by Robert X. Cringely, published on June 12. 2015
Disney has been in the news recently for firing its Orlando-based IT staff, replacing them with H-1B workers primarily from India, and making severance payments to those displaced workers dependent on the outgoing workers training their foreign replacements. I regret not jumping on this story earlier because I heard about it back in March, but an IT friend in Orlando (not from Disney) said it was old news so I didn’t follow-up. Well now I am following with what will eventually be three columns not just about this particular event but what it says about the U.S. computer industry, which is not good.
First we need some context for this Disney event — context that has not been provided in any of the accounts I have read so far. What we’re observing is a multi-step process.
Disney had its IT operation in-house, then hired IBM to take it over with the usual transfer of employees followed by layoffs as IBM cut costs to make a bigger profit. Ultimately Disney fired IBM, hired (or re-hired) a new IT staff, which is the group now replaced by H-1Bs employed by an Indian company essentially offering the same services that were earlier provided by IBM. This more detailed story means, for one thing, that the workers being replaced by H-1Bs have for the most part worked for Disney for less than three years.
So the image of some graybeard, now without a job, who had been working for Disney since the days of punched cards simply isn’t accurate. It probably also explains to some extent the Disney severance offer of 10 percent of each worker’s annual salary, which may well have been more than workers with so little seniority might have expected. It’s possible Disney was being generous.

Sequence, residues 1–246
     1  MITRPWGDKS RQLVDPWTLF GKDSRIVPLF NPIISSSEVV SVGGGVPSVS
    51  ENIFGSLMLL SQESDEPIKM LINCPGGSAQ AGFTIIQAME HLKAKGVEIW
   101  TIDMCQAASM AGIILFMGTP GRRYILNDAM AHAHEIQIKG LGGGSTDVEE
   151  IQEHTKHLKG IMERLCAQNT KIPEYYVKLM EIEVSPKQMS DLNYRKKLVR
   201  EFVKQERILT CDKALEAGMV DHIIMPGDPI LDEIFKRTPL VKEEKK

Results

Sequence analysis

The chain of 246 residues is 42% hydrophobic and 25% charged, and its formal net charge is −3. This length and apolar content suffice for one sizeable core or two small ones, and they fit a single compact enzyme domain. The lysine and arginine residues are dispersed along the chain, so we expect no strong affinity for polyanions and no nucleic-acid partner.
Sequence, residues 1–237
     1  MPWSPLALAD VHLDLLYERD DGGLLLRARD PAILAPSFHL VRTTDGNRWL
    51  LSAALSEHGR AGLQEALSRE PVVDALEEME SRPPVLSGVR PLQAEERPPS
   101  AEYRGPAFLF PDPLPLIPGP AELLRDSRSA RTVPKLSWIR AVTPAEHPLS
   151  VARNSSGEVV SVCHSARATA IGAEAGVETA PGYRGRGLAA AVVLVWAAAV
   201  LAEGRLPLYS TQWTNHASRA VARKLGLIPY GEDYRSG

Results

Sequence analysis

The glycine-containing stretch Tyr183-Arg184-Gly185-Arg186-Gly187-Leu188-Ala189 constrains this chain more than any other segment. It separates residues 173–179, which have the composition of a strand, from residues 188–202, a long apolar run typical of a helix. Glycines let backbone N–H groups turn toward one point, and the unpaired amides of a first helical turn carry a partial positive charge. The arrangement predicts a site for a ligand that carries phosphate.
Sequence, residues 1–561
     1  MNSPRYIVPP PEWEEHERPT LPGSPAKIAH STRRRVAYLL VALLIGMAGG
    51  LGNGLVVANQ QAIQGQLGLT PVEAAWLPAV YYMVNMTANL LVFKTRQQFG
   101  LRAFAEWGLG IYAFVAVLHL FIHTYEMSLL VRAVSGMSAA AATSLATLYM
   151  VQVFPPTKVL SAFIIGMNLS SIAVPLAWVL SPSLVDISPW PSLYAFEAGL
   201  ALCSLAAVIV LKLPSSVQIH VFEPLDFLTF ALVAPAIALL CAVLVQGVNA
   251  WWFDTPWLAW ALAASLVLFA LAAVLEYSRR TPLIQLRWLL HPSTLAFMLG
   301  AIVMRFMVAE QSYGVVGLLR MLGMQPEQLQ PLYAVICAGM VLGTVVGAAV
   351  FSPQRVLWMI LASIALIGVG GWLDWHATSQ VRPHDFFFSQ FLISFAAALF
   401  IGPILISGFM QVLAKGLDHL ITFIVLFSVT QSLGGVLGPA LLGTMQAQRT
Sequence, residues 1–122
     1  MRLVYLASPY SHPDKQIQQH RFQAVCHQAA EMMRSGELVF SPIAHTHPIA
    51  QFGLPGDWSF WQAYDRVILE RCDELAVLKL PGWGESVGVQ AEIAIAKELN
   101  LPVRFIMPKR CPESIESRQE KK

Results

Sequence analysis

But Disney was also being stupid. This is shown in part by their tone-deaf response to the story, which they clearly weren’t expecting or prepared for.
Some of this comes down to the difference between labor and people. Disney may have been trying to reduce labor costs but did so by dumping people. Journalists and readers get that, some executives and most economists don’t. These aren’t just numbers.
But in Disney’s specific case there’s another underlying issue that has to be taken into account, which is IT mis-management on an epic scale. I have been talking with IT folks I trust from Orlando — both former Disney workers and others just familiar with the local tech scene — and the picture of Disney IT that emerges is terrible. Disney turned to IBM not so much to save money as to save IT. But as you can guess, an essentially un-managed IBM contract was viewed by Armonk as a blank check. Disney started complaining, but it is my understanding that at least some of the trouble had to do with Disney’s own communication problems — problems that didn’t improve once IBM was fired.
“I remember there was a big crisis,” recalled a former IBMer who worked on the Disney account. “There was a massive backlog of new service requests, hundreds. It turned out most of the service requests had already been processed and had been waiting on Disney for months, sometimes over a year, for approval. In the interim Disney had changed their request process. So we moved the finished requests to the new system. A few months later most of those requests were still awaiting Disney’s approval.”
What we’re likely to see in Orlando, then, is a cycle. Unless Disney cleans house — really cleans house — at the management level we’ll see more contractors coming and going.
I blame Disney CEO Bob Iger for not knowing what’s happening at his own company, which I’m told now thinks that moving everything to the cloud is the answer. It isn’t. And with Disney such an iconic brand I’m quite sure there are technical people in Russia, China, North Korea and elsewhere who know very well the company’s vulnerability.